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Comment: Very much so (Score 1) 264

by Sycraft-fu (#47944575) Attached to: Slashdot Asks: What's In Your Home Datacenter?

I always thought it was an awesome idea to have a bigass set of computers at home... Ya well now I get paid to manage a bigass set of computers professionally and I'd rather just leave them there, thanks. Also there's no compelling reason to want my own servers for the sort of things I do, VMs work so well. I'll just lease one from somewhere, or spin one up at work.

At home, all my gear is related to, well, home use. More than a non-geek would have for sure but no data center.

Comment: Re:When doing anything involving the ocean (Score 1) 190

by jfengel (#47931477) Attached to: Wave Power Fails To Live Up To Promise

Yep. Still sufficient reason to reduce the amount of plastic that gets into the oceans, but unfortunately, it seems really hard to get people to take any positive environmental steps unless you exaggerate it into ugly, apocalyptic terms. And even then, for every person you convince by it, there will be one who heard that it was exaggerated and concluded that therefore nothing needs to be done at all.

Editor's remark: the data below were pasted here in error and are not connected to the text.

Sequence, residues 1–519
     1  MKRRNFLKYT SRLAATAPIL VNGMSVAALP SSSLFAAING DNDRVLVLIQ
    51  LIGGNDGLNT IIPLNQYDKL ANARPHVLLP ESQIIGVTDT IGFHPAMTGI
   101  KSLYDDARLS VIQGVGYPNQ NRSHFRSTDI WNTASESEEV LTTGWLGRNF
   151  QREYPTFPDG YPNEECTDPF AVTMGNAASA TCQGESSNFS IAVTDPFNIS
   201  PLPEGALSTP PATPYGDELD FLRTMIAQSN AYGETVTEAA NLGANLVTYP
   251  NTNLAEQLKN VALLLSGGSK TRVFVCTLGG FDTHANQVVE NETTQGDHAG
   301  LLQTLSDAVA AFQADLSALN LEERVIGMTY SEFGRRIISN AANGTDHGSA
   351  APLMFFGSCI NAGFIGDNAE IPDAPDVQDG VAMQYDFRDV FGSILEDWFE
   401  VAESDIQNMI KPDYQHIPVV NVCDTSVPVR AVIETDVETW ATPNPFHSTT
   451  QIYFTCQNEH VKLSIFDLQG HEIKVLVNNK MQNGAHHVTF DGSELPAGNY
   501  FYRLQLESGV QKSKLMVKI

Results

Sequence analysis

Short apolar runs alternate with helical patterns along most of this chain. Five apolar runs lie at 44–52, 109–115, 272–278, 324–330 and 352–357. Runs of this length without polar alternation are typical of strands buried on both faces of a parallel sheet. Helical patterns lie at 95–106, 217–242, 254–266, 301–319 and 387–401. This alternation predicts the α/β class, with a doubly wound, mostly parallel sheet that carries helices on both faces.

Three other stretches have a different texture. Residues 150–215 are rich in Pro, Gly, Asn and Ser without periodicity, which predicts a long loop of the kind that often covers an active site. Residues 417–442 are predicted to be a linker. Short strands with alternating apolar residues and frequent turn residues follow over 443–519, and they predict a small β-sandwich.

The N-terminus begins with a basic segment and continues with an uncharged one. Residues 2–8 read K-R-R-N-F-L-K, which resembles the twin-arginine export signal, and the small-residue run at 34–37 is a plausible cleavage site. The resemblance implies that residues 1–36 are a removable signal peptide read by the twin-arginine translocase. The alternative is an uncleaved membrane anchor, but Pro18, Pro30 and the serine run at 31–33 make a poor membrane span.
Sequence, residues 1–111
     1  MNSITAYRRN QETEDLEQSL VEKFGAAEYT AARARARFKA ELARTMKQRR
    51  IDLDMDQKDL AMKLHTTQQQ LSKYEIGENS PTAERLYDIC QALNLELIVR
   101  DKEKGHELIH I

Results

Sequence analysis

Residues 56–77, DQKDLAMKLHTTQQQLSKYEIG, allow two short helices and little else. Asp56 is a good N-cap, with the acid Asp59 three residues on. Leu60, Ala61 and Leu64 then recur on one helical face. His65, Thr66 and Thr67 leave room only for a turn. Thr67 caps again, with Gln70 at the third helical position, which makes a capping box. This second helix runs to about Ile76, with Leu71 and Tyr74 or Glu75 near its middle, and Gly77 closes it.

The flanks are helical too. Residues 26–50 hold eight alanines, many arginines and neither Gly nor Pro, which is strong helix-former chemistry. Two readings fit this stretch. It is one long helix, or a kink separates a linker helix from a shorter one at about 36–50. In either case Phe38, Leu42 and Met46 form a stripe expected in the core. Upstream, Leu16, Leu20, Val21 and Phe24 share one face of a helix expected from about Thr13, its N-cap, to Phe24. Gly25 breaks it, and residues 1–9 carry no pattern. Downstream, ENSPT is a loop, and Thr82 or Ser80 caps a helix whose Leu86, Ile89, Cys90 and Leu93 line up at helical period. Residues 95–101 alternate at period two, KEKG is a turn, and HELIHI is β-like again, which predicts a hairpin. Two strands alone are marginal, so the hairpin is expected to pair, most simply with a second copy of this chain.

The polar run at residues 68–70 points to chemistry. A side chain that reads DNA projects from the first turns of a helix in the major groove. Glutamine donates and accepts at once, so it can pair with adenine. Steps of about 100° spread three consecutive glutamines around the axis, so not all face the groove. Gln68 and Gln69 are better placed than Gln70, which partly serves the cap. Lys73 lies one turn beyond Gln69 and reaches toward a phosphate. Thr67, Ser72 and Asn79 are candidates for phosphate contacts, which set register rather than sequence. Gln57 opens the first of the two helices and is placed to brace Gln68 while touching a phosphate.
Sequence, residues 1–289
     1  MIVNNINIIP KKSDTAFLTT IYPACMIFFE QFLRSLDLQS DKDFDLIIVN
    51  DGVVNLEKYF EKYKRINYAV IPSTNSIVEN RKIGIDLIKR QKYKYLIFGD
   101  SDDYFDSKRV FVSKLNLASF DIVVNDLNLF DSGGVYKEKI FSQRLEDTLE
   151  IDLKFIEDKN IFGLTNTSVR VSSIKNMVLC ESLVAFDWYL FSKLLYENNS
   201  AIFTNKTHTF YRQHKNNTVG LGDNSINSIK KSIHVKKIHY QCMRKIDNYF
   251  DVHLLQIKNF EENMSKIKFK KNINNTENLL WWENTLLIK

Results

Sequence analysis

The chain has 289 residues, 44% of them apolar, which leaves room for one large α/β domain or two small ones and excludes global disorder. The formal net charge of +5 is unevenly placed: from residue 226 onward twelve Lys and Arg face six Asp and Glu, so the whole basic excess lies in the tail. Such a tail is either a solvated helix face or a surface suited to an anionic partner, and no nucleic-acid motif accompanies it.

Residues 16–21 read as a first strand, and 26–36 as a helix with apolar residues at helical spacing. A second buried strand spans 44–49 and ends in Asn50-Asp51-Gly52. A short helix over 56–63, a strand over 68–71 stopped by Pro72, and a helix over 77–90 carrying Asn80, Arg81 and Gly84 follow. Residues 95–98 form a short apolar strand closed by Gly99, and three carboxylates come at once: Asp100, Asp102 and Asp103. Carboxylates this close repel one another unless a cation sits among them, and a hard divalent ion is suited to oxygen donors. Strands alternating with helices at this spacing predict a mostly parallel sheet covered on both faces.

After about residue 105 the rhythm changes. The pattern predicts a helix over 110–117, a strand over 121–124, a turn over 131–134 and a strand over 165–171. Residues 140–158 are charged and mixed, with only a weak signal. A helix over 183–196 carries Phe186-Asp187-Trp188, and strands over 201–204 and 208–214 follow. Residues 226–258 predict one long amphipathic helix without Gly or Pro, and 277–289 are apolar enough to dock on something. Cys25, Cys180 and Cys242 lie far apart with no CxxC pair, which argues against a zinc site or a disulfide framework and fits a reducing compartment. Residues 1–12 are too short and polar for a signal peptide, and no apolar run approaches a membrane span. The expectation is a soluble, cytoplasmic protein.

Comment: Re: Most taxes are legalized theft (Score 2) 321

by magarity (#47928739) Attached to: New Global Plan Would Crack Down On Corporate Tax Avoidance

4. Cap federal student loan interest rates at inflation based on the CPI. What we borrow is what we pay back.

Below market rates is already the biggest problem with student loans; don't make it worse. Easy-to-get student loans make the schools see easy-to-get money which causes a positive feedback loop: tuitions rise because so much loan money is handed out because tuitions rise becase so much money is handed out because tuitions rise.